Why you Shouldn’t Apply for the Clinical Psychology Doctorate

It’s that time of year again. Clinical Psychology Doctorate application season is officially open and this comes with a lot of questions from Psychology Graduates. The main question we hear is an age old question “AM I READY TO APPLY?” The only issue is many other psychology websites give generic answers to this question. One example being, “ONLY APPLY WHEN YOU FEEL READY”. As you can see this can be quite frustrating to some hopefuls who feel that they will never “feel ready”. Luckily, PsychAssist is here to try to help guide Psychology Graduates in finding out if they are “ready” for Clinical Training.. Within this post we will explore 3 reasons why you SHOULDN’T apply for the Clinical Psychology Doctorate programme.

 

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In It for the Money

I remember when I first heard about the clinical doctorate programme back when I was a support worker. Many Clinical Psychologists would tell me how I needed to get onto the course and how much better life would be on the other side. What they didn’t know however, was that I was only thinking about the financial gains of training. I remember thinking about all the expensive things I could buy with a £26,000 salary increasing every year. On reflection, I look at the work Psychologists do and believe me, they don’t get paid enough. I finally understood what they meant by life was better on the other side and it had nothing to do with the salary. The skills you develop whilst training gives you the ability to truly make an impact into someone’s life.

PsychAssist Tip: Don’t apply for the doctorate if all you see is the salary, as you simply will not survive training. Now this is different to acknowledging that without the course fees being paid for you wouldn’t be able to afford a doctorate; as this is an opinion well received by courses. Remember the salary is a bonus so your brain can make sense of the hardships that lie ahead.

 

Your Career = Your Self-Worth

I have seen this too often amongst Psychology Graduates. Majority of people who ask for our advice on Twitter (@Psych_Assist) always start with the sentence “I need to get onto the doctorate”. This is something I have never understood as your career is only a small part of what makes you. As soon as I see those words, I immediately say the doctorate is not for you at this point; simply because the more pressure you put on yourself, the less likely you are to blossom in interviews and therefore not get onto the course. This rejection is then interpreted as the person not being good enough and the anxiety cycle starts all over again. I have to admit, I have been a slave to this also. Thinking there’s no career if I don’t get onto a course and how society will view me as a failure. Sound familiar?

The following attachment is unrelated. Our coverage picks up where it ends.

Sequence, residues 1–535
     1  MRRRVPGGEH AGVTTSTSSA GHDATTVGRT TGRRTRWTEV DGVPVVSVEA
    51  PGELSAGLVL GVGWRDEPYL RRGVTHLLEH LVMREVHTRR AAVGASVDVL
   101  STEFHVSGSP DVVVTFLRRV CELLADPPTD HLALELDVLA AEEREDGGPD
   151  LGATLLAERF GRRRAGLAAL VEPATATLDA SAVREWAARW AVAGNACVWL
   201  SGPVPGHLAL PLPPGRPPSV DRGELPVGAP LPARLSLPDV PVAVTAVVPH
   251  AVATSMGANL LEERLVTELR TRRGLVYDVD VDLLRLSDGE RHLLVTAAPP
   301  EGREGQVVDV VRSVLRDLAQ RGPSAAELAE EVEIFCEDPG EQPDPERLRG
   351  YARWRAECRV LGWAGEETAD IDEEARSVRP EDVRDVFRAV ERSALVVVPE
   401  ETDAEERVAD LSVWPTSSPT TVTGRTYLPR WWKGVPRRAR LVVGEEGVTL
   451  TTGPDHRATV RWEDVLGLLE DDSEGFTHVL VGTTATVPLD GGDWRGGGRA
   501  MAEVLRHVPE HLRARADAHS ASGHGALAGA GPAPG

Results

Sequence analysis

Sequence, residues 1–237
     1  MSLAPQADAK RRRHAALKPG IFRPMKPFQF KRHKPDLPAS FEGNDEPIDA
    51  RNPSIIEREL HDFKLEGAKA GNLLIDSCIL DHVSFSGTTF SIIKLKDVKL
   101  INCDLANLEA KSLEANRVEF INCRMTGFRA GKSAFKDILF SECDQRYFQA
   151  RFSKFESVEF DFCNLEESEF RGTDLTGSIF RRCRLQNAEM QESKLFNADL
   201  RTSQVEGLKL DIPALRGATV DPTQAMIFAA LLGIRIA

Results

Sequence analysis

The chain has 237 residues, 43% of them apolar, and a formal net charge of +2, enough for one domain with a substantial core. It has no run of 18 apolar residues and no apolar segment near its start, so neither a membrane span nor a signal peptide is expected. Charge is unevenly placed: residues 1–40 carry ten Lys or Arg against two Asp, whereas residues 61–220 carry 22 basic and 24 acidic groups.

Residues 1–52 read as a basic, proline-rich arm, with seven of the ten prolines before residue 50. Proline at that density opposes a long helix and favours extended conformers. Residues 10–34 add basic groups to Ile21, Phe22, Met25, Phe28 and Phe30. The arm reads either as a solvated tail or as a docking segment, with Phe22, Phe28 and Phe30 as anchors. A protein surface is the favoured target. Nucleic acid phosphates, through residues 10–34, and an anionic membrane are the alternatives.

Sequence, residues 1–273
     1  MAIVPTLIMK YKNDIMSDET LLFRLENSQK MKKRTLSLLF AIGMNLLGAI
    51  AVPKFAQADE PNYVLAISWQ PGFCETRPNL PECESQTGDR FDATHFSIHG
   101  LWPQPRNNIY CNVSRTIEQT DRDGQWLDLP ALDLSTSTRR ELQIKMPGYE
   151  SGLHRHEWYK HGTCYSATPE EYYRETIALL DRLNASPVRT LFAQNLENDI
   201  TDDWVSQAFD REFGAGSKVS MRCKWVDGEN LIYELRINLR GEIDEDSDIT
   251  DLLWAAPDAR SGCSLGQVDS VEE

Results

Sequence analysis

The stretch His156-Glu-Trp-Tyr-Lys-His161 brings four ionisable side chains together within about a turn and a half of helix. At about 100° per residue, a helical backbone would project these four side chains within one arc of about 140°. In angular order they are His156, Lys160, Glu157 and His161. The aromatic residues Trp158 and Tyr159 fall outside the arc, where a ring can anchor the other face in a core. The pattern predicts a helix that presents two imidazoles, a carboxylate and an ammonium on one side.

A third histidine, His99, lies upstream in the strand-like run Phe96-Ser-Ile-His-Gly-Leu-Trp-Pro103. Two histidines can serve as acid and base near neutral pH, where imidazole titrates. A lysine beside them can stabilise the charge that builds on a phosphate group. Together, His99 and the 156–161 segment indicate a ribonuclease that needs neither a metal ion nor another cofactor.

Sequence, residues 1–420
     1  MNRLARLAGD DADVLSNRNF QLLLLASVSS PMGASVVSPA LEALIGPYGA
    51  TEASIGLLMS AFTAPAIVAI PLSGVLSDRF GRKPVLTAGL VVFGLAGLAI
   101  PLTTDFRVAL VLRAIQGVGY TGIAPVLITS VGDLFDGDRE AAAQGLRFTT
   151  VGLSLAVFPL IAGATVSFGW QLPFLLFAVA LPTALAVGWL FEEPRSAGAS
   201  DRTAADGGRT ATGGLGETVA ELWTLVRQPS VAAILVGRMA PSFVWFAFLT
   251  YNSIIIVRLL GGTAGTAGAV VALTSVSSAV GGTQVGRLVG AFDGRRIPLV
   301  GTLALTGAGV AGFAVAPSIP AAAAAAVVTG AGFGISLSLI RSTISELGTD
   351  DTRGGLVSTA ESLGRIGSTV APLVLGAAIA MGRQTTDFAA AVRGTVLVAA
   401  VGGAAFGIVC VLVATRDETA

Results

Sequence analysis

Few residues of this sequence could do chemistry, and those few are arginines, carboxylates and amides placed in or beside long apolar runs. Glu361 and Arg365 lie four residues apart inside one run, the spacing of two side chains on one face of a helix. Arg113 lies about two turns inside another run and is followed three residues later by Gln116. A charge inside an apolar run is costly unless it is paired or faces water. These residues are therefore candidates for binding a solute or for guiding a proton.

PsychAssist Tip: I guarantee you will never get onto the Clinical Psychology Doctorate course with this mentality. In fact the ones that tend to stroll onto the course are the ones who accept what will be, will be. The biggest advice I received was to be as organic and transparent through the process as possible. Courses are more impressed with calmness and openness rather than desperate and anxious.

 

Putting your Life on Hold

This is something that really irritates us. Some Graduates actually put their lives on hold for the doctorate. I once spoke to a Psychology Graduate who would refuse some really amazing opportunities, just in case it was her year of getting onto the course. I have spoken to many Clinical Psychologists who actively encourage Psychology Graduates to gain as much life experiences before embarking on their doctorate. The reason for this is because many Clinical Doctorate Interviews have a Personal Suitability element to their selection process and having some life experiences really does come in handy.

PsychAssist Tip: Never let the doctorate process stop you from living your life. Why don’t you try this? Write down all the things you would like to do before you get onto clinical training. This could be to travel a little bit or maybe you’d like to learn a new skill? Whatever it is, GO DO IT; as your time will be very limited once on the Clinical Doctorate.

 

Thanks for reading this week’s article by PsychAssist. The advice given in this week’s post has been collated from a number of Clinical Psychologists both within the NHS and Private Practice. All Clinical Psychologists were asked the question “How would you know if someone wasn’t ready for Clinical Training?”

 

Tune in NEXT MONDAY for another PsychAssist Article

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